Croatia's human rights record saw modest improvement in 2007, linked in part to its candidacy for European Union membership. Key continuing problems relate to the legacy of Croatia's 1991-95 war. There was insufficient progress in removing the remaining obstacles to the return and reintegration of refugee Serbs. There was some movement toward genuine accountability for wartime abuses, but the impartiality and effectiveness of domestic prosecutions remains in question. 

Return and Reintegration of Serbs

There was limited progress toward resolving the ongoing obstacles to the return and reintegration of displaced and refugee Serbs. As of July 2007 around 125,000 of the 300,ooo to 350,000 Serb refugees who fled the conflict were registered as having returned to Croatia. Around 60 percent of those who return stay permanently in Croatia. Figures from the United Nations High Commissioner for Refugees (UNHCR) indicate that 1,745 Serbs returned between January and September 2007. More than 80,000 refugees in neighboring countries have yet to decide about their future.

Serbs, particularly returnees, continue to suffer violence and intimidation, although at a lower rate in 2007 than in previous years. Police showed improved efficiency in the apprehension of perpetrators of inter-ethnic criminal incidents. However, prosecutions frequently drag, with resolution long separated from incidents and attacks rarely qualified as "hate crimes."

In the most serious incident of the year, in July 2007 a Serb father and his son who were returning to Gornji Vrhovci village were beaten in their home following an alleged land dispute. Their assailants then locked them in a room and set fire to the house, but the victims escaped. At this writing, three suspects await trial on charges of attempted murder. In February the Serb Orthodox Church in Sibenik reported a series of attacks on church property and Serb returnees in the Kistanje area, and in October six Serb-owned reconstructed houses in the Zadar area were damaged. At this writing, three juveniles have been charged with criminal damage. In April seven members of Serbia's national hockey team were assaulted by a group of about 20 young men in Zagreb.

Serbs continued to face practical difficulties repossessing occupied homes, despite court judgments in their favor. Some cases were delayed in lengthy court proceedings. Access to reconstruction assistance for wartime damage is available to Serbs, but applications are frequently refused on procedural grounds and at least 9,000 appeals are pending. There remains no effective remedy for those seeking the return of occupied agricultural land.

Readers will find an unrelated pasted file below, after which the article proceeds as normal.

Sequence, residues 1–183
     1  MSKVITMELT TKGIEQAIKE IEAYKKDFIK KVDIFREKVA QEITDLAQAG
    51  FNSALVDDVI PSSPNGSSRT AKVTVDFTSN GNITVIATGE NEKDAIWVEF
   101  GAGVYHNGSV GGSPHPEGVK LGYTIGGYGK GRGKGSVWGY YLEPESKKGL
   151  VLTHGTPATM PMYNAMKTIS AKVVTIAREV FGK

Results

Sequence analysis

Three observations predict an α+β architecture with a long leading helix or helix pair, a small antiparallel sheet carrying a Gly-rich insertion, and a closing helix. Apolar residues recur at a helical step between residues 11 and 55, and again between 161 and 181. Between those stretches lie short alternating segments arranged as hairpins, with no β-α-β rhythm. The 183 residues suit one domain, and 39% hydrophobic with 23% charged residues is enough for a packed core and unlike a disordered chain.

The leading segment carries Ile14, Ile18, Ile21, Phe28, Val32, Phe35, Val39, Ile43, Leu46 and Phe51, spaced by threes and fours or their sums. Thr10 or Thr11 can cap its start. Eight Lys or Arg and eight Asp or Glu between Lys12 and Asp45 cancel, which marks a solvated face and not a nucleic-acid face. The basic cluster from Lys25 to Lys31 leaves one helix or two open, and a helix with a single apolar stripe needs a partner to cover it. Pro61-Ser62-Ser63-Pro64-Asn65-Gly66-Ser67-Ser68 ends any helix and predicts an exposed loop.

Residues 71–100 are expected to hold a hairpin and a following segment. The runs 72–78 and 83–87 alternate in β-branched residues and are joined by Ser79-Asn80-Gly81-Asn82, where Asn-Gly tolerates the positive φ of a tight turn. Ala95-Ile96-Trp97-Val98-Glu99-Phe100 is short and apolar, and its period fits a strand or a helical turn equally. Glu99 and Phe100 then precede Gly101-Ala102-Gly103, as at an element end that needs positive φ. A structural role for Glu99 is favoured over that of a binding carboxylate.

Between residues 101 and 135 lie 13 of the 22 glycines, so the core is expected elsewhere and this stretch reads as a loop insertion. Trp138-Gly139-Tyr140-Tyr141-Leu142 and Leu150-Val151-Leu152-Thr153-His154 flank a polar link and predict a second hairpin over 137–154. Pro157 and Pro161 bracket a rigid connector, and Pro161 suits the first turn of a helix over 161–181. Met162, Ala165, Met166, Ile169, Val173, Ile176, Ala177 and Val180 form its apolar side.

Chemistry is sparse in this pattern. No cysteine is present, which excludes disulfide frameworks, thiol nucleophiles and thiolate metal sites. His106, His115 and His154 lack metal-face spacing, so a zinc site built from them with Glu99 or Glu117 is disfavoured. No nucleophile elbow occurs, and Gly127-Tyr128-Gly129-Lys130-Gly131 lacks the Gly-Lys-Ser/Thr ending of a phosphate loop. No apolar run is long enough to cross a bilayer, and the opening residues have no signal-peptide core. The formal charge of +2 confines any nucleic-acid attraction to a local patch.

There was little progress toward a viable solution for Serbs stripped during the war of the right to occupy socially-owned property (tenancy rights), an issue linked to the return of Serbs. Delays and flawed procedures mean that the number of Serb former tenancy-right holders allocated social housing remains small. As a result, a June 2007 decision allowing people allocated social housing in previously war-affected areas to buy their homes at below market prices is unlikely to benefit many Serbs. No comparable right to buy exists in urban areas, where limited housing stock further complicates access for Serb former tenancy-right holders.

There was no progress toward recognizing working time between 1991 and 1995 in Serb-occupied areas for the purposes of Croatian state pensions, compromising the financial security of returnee and other elderly Serbs.

There was movement toward the implementation of minority rights legislation at the national level in 2007, notably with the publication of the Central State Administration Office's annual employment plan that included for the first time statistics on minority employment and hiring targets at central and county level. No such plan exists for hiring in the judiciary, however, and the Council for National Minorities assessed that legal guarantees for minority representation in state administration are not fully respected.

War Crimes Accountability 

The conviction in June 2007 of Milan Martic by the International Criminal Tribunal for the former Yugoslavia (ICTY) for war crimes against Croats, for which he received a 35-year sentence, was welcomed by Serbs and Croats alike. But the October ruling by the court in the so-called Vukovar Three trial was criticized by the Croatian parliament for lenience after Miroslav Radic was acquitted and Veselin Sljivancanin given five years' imprisonment in a case dealing with the 1991 mass killing of Croats in Vukovar; the third defendant, Mile Mrksic, received a 20-year sentence.  The ICTY prosecutor appealed against the sentence and verdict on Mrksic and Sljivancanin.